She elaborated on the damaging effects this can have for consumers: “People have given up their privacy and shared their data, and assumed the organisation is going to protect it. And the more high-profile you are, the more anger they’ll have when you lose it.”
Sian proposed that a standard, universally-accepted set of regulations on protection and breaches could build the trust needed for businesses to adopt Cloud services more readily. She said: “We need to think about developing and enforcing policies, auditing and monitoring what is going on across different environments, looking at standardisation and building controls within virtual machines. These are approaches that can happen across different Cloud services but it’s important to think of it in that policy-way instead of individual technologies and products.”
“And that comes to things like gaining control of the Cloud to think about visibility – how do you know what is stored where? You are safeguarding your data, ensuring that everything is protected from malware and threats – and also automating as much as possible so that things can happen without having to go through human beings, otherwise you lose a lot of the benefits of Cloud services.”
Changes surrounding GDPR
One of the key topics at ScotCloud 2017 was the General Data Protection Regulation (GDPR) which comes into force next May has become one of the most pressing challenges for organisations across the business landscape. New regulations will see severe penalties of up to 4% of global turnover or €20 million if a business mishandles an EU-based consumer’s personal data.
Professor Lilian Edwards, a leading academic in Internet Law, explained that the over-riding purpose of the new fines was to make company executives sit up and take note: “It is meant to concentrate the minds of CEOs not just CTOs, and make even the megaliths like Microsoft, Google and Amazon think twice about their strategies in Europe.”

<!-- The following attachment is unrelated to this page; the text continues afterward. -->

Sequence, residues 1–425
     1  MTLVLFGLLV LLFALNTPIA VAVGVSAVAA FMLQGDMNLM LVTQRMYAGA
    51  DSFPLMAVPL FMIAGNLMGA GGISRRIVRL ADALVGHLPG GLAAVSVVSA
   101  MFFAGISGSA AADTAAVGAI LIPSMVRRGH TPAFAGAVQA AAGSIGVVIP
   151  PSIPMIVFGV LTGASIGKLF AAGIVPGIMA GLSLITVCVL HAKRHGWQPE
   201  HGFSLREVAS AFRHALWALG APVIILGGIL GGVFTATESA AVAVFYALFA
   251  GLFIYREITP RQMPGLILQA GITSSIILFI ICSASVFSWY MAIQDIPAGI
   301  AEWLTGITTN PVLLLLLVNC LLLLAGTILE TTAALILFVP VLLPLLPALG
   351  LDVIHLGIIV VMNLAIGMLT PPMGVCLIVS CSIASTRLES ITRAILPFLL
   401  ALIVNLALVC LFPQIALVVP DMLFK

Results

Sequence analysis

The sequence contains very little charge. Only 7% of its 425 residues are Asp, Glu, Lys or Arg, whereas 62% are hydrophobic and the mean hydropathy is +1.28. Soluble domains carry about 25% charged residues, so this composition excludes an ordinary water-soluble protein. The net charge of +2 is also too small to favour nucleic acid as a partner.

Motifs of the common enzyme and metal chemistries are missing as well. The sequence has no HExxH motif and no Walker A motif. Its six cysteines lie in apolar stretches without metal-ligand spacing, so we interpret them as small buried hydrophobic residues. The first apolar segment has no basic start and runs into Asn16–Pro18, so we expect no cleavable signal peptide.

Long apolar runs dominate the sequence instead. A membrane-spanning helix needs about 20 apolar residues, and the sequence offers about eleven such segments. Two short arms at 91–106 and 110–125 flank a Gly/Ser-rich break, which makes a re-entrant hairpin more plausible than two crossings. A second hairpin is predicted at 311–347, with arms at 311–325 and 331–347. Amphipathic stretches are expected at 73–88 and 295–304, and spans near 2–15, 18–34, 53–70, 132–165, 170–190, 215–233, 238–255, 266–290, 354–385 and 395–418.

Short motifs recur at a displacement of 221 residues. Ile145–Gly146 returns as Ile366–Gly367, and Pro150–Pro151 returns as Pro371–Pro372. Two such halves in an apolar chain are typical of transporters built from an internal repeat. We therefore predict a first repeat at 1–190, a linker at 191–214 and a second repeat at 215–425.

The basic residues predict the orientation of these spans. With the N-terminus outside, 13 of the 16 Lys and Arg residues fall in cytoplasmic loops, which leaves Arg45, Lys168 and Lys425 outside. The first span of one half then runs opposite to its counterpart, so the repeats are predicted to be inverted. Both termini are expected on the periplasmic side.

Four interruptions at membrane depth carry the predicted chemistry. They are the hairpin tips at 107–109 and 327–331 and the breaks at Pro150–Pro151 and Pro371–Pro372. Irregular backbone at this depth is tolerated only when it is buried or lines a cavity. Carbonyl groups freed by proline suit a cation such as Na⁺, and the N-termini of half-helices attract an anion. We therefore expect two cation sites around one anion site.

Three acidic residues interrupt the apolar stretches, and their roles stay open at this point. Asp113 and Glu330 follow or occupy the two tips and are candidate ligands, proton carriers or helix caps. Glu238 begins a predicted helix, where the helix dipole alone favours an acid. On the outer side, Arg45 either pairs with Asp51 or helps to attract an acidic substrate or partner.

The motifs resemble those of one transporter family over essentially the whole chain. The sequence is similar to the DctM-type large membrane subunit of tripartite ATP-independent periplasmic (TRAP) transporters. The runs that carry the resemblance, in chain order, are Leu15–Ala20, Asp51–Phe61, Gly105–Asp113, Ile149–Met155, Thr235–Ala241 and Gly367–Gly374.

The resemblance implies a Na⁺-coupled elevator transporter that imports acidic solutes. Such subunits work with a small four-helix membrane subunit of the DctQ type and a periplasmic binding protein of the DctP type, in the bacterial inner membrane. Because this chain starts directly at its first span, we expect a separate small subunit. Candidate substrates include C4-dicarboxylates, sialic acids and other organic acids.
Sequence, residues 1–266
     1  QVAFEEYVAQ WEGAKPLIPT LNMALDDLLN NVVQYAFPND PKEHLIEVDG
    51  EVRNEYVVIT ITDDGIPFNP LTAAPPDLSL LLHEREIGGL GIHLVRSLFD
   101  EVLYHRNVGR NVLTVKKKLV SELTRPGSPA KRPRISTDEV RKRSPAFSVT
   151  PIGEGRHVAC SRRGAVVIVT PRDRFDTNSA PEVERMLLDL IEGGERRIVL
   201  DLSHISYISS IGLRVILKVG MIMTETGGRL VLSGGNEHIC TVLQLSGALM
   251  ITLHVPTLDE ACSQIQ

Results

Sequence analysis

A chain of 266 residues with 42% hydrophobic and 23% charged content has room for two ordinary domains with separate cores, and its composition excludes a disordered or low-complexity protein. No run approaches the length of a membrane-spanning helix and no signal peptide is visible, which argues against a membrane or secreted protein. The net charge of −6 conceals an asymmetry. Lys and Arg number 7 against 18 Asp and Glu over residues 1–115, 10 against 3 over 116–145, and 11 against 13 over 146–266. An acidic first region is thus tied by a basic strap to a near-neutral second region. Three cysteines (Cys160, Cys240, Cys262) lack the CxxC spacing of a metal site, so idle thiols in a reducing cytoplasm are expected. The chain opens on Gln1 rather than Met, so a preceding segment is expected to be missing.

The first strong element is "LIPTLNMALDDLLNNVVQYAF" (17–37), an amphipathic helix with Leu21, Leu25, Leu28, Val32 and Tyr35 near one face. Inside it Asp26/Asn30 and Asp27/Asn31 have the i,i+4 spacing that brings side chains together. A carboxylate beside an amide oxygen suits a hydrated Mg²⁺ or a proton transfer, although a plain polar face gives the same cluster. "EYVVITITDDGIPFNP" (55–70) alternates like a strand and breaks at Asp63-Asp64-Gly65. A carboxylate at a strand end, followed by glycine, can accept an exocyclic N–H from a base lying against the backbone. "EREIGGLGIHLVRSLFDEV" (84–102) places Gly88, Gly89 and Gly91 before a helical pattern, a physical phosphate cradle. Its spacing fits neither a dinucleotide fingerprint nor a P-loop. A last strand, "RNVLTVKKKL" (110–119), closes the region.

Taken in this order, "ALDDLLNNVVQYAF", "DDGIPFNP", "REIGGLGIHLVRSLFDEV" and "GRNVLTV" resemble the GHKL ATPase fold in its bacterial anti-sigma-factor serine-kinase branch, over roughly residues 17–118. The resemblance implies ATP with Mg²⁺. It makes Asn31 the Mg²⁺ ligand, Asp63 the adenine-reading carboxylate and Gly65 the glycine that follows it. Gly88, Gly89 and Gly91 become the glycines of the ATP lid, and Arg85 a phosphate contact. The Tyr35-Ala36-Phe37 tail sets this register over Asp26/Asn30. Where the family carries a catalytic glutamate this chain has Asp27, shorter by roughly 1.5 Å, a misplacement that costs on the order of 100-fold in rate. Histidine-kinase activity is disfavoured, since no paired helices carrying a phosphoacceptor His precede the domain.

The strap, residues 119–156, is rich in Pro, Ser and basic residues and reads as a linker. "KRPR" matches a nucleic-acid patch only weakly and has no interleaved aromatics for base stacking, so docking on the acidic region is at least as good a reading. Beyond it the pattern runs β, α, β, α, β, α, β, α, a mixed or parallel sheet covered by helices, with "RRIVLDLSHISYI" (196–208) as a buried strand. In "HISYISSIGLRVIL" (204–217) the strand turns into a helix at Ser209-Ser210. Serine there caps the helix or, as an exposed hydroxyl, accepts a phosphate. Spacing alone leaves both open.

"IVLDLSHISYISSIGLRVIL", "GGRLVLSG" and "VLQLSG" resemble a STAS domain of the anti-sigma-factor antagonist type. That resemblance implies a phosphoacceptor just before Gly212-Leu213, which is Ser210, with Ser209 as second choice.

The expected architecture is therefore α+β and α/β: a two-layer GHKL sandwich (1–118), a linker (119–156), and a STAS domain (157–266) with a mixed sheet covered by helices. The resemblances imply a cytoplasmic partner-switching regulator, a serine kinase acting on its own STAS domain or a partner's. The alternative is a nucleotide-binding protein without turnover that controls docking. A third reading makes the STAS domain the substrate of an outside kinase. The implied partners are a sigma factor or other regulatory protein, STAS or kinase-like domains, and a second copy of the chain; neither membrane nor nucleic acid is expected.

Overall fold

Prof Edwards explained the core changes brought under GDPR, emphasising the significance of the shift to define both data ‘processors’ and data ‘controllers’ as jointly liable for personal data. Cloud service companies will generally fall into one, if not both of these camps, meaning that companies across the spectrum will become liable for all personal data they handle. This, Edwards states, will create a plethora of complications for Cloud service companies:
“They’ve got to show compliance with their security obligation, and show a record of all their categories of processing activities – who they are processing for, what they’re processing when – that’s a lot of paperwork for an SME.”
“There is an exemption if you have a staff of under 250, but also if you’re not processing sensitive personal data. But again that has a technical meaning too, which includes health data most notably, also any data that relates to sexuality, sex or race, political opinions – that’s a lot of data too.”
The significance of the changes to breach reporting were also discussed; Edwards notes that while most people are aware of the new reporting process, there seems to have been less publicity around how this will extend to Cloud providers in the event of a breach:
“The one thing that probably anyone knew about the GDPR before they came is the new mandatory security breach notification process. This has been in for telecom providers for a long time, but it is now being introduced for all data controllers – they have to notify security breaches within 72 hours, which is tight. Data processors are also subject to this obligation, but the data processor only has to notify without undue delay to the data controller. And that has not had much publicity.
“These are obligations on the data controller, but that data controller might be a Cloud service, or even if isn’t, the obligations are going to have to be passed down to the Cloud provider. And I wonder if that work has been done because there has been less publicity about it.”